At the close of voir dire, the Court heard further argument from the parties on the motion to exclude. At that time, counsel for Mr. Lundergan indicated that if this Court excluded the expert testimony, the defense team might issue subpoenas to current FEC officials to elicit similar testimony.



         The admissibility of expert testimony is governed by Federal Rule of Evidence 702, which states:

A witness who is qualified as an expert by knowledge, skill, experience, training, or education may testify in the form of an opinion or otherwise if: (a) the expert's scientific, technical, or other specialized knowledge will help the trier of fact to understand the evidence or to determine a fact in issue; (b) the testimony is based on sufficient facts or data; (c) the testimony is the product of reliable principles and methods; and (d) the expert has reliably applied the principles and methods to the facts of the case.

Fed. R. Evid. 702.

         The seminal case evaluating expert testimony is Daubert v. Merrell Dow Pharms., Inc., 509 U.S. 579 (1993). In that decision, the Supreme Court explained that a district court's gatekeeping responsibility is implicit in Rule 702, “ensuring that an expert's testimony both rests on a reliable foundation and is relevant to the task at hand.” Daubert, 509 U.S. at 597. Further, the Supreme Court listed several specific factors to help determine the reliability of expert testimony based on scientific knowledge. See Id. at 590, n. 8. These factors include whether a theory or technique can be or has been tested; whether the theory has been subjected to peer review and publication; whether there is a high known or potential error rate; whether there are certain operation standards that should have been or were followed; and whether the theory or technique is generally accepted within the scientific community. Id. at 592-94. Later, in Kumho Tire Co. v. Carmichael, 526 U.S. 137 (1999), the Supreme Court determined that the gatekeeping obligation and subsequent factors established in Daubert apply with equal force to non-scientific experts. However, those factors are not definitive and district courts “must have considerable leeway in deciding in a particular case how to go about determining whether particular expert testimony is reliable.” Kumho, 526 U.S. at 152.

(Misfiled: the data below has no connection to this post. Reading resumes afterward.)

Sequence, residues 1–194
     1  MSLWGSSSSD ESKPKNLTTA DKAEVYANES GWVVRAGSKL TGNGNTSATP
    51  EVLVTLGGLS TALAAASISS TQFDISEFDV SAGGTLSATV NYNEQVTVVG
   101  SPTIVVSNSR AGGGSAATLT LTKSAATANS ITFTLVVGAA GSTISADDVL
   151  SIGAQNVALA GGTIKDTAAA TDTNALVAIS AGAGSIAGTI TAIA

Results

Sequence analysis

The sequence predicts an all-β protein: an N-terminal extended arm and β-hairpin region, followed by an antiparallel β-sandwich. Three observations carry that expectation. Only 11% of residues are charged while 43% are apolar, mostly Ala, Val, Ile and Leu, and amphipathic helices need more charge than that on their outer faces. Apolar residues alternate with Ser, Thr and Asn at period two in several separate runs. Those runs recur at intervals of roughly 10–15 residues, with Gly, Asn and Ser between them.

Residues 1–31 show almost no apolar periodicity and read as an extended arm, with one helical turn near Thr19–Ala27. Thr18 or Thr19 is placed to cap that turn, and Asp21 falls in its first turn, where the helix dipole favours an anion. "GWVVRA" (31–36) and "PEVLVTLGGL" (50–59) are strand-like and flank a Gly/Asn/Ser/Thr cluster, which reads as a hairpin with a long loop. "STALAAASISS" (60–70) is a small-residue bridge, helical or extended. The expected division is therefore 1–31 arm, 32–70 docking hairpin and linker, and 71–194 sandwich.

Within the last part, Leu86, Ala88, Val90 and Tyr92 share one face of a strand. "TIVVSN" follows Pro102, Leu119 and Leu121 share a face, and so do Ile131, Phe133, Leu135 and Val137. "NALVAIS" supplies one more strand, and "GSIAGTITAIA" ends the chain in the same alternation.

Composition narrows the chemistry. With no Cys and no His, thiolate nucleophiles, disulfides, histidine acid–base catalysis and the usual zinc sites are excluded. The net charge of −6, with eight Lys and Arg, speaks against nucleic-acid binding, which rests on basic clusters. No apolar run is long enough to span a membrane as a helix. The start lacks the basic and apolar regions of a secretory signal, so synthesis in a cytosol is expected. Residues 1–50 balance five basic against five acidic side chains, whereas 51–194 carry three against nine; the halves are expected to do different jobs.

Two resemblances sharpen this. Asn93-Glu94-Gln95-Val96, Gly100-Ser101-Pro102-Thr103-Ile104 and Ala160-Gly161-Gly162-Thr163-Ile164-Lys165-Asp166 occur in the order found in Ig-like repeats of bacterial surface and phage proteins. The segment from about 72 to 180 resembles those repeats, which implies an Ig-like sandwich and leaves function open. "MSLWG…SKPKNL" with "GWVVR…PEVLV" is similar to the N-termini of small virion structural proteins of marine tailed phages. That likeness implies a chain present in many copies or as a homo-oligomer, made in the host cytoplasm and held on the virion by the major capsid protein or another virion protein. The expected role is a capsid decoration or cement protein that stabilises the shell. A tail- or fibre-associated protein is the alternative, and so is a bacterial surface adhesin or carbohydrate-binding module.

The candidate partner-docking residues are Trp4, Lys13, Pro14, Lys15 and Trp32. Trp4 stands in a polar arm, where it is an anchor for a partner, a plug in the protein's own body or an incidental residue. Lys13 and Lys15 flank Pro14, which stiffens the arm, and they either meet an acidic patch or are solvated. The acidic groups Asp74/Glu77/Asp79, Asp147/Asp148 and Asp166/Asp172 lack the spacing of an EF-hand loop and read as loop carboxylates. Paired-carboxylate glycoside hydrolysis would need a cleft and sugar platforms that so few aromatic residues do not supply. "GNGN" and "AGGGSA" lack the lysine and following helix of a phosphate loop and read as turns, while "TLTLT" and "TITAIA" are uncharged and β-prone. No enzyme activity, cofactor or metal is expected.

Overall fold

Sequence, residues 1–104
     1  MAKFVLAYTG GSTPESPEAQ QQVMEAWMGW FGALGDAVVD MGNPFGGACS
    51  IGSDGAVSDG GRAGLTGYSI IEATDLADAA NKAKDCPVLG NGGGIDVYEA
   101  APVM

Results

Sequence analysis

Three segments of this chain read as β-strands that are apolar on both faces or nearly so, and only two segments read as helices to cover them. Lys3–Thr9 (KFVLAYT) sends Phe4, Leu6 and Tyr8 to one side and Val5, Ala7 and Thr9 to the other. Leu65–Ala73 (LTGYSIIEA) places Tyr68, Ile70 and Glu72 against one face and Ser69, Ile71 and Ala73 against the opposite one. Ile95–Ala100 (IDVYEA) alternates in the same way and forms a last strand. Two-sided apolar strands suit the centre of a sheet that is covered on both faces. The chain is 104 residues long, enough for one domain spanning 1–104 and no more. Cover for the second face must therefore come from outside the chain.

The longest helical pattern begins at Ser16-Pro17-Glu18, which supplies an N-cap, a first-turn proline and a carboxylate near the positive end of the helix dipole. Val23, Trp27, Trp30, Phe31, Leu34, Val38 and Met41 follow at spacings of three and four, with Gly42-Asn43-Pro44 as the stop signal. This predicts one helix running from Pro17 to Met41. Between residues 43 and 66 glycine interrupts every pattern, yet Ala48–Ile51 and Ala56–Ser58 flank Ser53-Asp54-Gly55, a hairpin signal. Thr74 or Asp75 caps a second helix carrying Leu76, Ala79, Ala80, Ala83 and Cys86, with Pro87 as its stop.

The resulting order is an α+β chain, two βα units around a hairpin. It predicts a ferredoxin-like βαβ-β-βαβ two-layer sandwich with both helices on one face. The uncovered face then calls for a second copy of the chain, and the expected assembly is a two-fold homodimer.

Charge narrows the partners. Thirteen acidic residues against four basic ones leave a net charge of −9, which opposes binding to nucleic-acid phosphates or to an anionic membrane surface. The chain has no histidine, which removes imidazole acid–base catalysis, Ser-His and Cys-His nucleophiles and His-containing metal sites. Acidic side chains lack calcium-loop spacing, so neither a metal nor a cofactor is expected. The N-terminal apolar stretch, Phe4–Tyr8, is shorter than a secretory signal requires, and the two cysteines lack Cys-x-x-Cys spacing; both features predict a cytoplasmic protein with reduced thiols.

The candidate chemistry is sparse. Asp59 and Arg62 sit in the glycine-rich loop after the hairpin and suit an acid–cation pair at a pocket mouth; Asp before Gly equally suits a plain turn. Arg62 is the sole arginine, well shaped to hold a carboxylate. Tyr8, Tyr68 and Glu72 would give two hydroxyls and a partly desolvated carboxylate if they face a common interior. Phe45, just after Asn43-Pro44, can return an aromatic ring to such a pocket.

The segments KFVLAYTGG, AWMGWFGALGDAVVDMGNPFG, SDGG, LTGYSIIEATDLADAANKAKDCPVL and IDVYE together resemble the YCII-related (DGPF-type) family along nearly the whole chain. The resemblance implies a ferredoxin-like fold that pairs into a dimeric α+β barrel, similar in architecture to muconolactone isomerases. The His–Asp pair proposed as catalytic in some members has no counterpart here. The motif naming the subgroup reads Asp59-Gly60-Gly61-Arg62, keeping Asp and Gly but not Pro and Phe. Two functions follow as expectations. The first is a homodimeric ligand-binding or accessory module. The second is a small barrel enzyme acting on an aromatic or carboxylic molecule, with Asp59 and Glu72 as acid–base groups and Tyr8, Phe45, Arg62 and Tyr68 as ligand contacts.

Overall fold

From Rule 702 and Daubert, the Sixth Circuit has distilled a two-part test for admitting expert testimony. First, is the expert qualified and the testimony reliable? And second, is the evidence relevant and helpful to the trier of fact? See, e.g., United States v. Jones, 107 F.3d 1147, 1156 (6th Cir. 1997). Notably, the Court's gatekeeping role under the case law “is not intended to supplant the adversary system or the role of the jury.” Allison v. McGhan Medical Corp., 184 F.3d 1300, 1311 (11th Cir. 1999). Instead, “vigorous cross-examination, presentation of contrary evidence, and careful instruction on the burden of proof are the traditional and appropriate means of attacking shaky but admissible evidence.” Daubert, 509 at 596. Whether or not to admit expert testimony is a matter over which the district court ...